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Steps in Factor Analysis

Factor analysis usually proceeds in four steps:

1st Step : the correlation matrix for all variables is computed
2nd Step : Factor extraction
3rd Step : Factor rotation
4th Step : Make final decisions about the number of underlying factors
1st Step : the correlation matrix
enerate a correlation matrix for all variables
!dentify variables not related to other variables
!f the correlation bet"een variables are small# it is unlikely that they share common
factors $variables must be related to each other for the factor model to be
'hink of correlations in absolute value&
(orrelation coefficients greater than )&3 in absolute value are indicative of
acceptable correlations&
*xamine visually the appropriateness of the factor model&
Bartlett Test of Sphericity:
used to test the hypothesis the correlation matrix is an identity matrix $all
diagonal terms are 1 and all off+diagonal terms are )%&
!f the value of the test statistic for sphericity is large and the associated
significance level is small# it is unlikely that the population correlation
matrix is an identity&
!f the hypothesis that the population correlation matrix is an identity cannot be
re,ected because the observed significance level is large# the use of the factor model
should be reconsidered&
The Kaiser-eyer-!lkin "K!# measure of sampling ade$uacy:
is an index for comparing the magnitude of the observed correlation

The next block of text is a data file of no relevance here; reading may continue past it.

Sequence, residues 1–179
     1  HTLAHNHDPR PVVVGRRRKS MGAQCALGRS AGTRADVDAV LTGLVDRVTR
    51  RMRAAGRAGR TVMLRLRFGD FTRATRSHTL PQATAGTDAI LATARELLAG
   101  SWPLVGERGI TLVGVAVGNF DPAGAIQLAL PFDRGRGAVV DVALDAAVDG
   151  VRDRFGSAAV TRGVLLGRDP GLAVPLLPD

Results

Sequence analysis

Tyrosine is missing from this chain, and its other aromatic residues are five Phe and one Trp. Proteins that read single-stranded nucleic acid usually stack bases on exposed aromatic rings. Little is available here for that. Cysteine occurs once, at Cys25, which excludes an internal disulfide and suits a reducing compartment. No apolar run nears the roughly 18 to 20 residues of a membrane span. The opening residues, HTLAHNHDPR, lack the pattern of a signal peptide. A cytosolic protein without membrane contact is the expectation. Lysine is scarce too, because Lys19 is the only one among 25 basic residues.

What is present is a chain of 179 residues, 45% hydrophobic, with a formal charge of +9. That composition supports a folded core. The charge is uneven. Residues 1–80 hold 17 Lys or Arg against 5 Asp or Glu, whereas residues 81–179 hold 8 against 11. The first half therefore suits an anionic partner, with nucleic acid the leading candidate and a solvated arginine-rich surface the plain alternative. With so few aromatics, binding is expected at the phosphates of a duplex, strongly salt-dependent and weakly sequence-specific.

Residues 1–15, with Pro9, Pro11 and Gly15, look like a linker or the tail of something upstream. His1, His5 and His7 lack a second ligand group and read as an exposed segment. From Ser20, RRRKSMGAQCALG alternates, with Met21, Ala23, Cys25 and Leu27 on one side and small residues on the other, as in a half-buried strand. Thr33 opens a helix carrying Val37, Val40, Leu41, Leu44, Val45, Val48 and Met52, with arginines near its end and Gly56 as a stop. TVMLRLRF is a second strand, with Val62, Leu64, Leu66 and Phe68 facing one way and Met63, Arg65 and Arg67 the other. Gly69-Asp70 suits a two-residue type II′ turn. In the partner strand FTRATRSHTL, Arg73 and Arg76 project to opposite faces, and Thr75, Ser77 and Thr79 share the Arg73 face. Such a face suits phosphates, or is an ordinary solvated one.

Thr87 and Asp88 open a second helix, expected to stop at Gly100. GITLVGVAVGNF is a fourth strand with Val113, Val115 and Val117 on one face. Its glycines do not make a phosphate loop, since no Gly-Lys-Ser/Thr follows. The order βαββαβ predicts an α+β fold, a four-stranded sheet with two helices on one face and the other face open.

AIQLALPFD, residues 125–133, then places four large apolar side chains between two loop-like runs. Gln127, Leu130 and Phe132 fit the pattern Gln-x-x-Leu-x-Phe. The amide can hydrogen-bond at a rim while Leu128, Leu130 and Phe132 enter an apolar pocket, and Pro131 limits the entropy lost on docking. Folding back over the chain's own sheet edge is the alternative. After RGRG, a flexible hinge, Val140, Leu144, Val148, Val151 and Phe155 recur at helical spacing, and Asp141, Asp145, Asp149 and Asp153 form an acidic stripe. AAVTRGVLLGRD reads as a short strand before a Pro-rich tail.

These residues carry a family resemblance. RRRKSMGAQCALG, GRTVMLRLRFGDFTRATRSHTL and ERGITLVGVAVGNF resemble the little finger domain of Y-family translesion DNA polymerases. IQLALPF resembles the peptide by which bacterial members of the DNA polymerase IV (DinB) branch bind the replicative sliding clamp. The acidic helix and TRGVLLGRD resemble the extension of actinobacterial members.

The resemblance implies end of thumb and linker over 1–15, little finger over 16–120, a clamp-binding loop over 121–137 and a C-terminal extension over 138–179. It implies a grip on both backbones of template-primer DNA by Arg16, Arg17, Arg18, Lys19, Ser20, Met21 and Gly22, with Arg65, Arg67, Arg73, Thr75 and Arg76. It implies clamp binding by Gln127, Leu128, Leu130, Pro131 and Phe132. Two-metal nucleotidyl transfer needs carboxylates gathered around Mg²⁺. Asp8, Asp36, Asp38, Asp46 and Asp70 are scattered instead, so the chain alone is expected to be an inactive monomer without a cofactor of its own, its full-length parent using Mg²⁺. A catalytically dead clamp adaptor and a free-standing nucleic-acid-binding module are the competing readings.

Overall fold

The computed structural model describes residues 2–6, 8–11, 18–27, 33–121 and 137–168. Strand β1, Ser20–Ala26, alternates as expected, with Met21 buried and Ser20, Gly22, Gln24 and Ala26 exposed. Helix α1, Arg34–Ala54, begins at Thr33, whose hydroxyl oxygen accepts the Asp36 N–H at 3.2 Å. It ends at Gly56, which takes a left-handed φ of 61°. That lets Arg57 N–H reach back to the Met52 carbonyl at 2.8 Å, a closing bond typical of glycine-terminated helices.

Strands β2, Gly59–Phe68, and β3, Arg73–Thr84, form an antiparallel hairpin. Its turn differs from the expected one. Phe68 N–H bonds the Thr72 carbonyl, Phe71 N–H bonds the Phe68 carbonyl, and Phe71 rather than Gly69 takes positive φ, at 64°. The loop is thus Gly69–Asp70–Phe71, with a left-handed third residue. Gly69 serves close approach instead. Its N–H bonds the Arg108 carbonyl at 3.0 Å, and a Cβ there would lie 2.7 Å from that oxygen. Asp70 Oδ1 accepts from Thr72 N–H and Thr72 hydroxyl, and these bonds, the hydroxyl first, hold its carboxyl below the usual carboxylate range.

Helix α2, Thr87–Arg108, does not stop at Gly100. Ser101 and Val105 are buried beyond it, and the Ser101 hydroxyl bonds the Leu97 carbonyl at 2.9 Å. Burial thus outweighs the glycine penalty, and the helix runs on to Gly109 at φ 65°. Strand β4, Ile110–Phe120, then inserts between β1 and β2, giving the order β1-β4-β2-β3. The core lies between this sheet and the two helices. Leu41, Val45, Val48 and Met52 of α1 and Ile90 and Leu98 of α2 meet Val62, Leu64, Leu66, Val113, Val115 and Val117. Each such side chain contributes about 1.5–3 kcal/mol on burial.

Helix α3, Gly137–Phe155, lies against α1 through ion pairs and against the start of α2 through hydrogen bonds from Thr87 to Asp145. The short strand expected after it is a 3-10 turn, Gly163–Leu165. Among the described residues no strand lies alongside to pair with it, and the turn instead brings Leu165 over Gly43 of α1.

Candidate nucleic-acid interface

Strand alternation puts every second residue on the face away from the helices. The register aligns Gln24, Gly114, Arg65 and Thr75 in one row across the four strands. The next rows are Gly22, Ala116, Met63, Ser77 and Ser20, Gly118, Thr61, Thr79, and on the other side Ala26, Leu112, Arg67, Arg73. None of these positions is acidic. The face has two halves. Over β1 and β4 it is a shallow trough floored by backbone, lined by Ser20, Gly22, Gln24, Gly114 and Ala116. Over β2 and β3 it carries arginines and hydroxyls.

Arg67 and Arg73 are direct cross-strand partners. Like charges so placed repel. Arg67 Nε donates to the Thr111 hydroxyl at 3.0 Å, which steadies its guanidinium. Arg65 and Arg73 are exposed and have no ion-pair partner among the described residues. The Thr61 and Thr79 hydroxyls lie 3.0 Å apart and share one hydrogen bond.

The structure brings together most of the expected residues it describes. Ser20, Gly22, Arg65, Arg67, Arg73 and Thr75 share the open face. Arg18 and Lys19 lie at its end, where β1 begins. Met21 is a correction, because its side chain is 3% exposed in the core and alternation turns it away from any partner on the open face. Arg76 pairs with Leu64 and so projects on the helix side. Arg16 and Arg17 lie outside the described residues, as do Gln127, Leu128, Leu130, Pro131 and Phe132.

coefficients to the magnitude of the partial correlation coefficients&
'he closer the -M. measure to 1 indicate a si/eable sampling ade0uacy $&1
and higher are great# &2 is acceptable# &3 is mediocre# less than &4 is
unaccaptable %&
5easonably large values are needed for a good factor analysis& Small -M.
values indicate that a factor analysis of the variables may not be a good idea&
%nd Step : Factor extraction
'he primary ob,ective of this stage is to determine the factors&
!nitial decisions can be made here about the number of factors underlying a
set of measured variables&
*stimates of initial factors are obtained using &rincipal components
'he principal components analysis is the most commonly used extraction
method & .ther factor extraction methods include:
Maximum likelihood method
6rincipal axis factoring
7lpha method
8n"eighted lease s0uares method
enerali/ed least s0uare method
!mage factoring&
!n principal components analysis# linear com'inations of the observed variables are
'he 1st principal component is the combination that accounts for the largest amount of
variance in the sample $1st extracted factor%&
'he 2nd principle component accounts for the next largest amount of variance and is
uncorrelated (ith the first $2nd extracted factor%&
Successive components explain progressively smaller portions of the total sample variance#
and all are uncorrelated "ith each other&
'o decide on ho" many factors "e
need to represent the data# "e use 2
statistical criteria:
)igen *alues+ and
'he Scree &lot&
'he determination of the number of
factors is usually done by considering
only factors "ith *igen values greater
than 1&
Factors "ith a variance less than 1 are
no better than a single variable# since
each variable is expected to have a
variance of 1&
'he examination of the
Scree plot provides a visual
of the total variance
associated "ith each factor&
'he steep slope sho"s the
large factors&
'he gradual trailing off
$scree% sho"s the rest of the
factors usually lo"er than an
*igen value of 1&
!n choosing the number of
factors# in addition to the
statistical criteria# one should make initial decisions based on conceptual and theoretical
7t this stage# the decision about the number of factors is not final&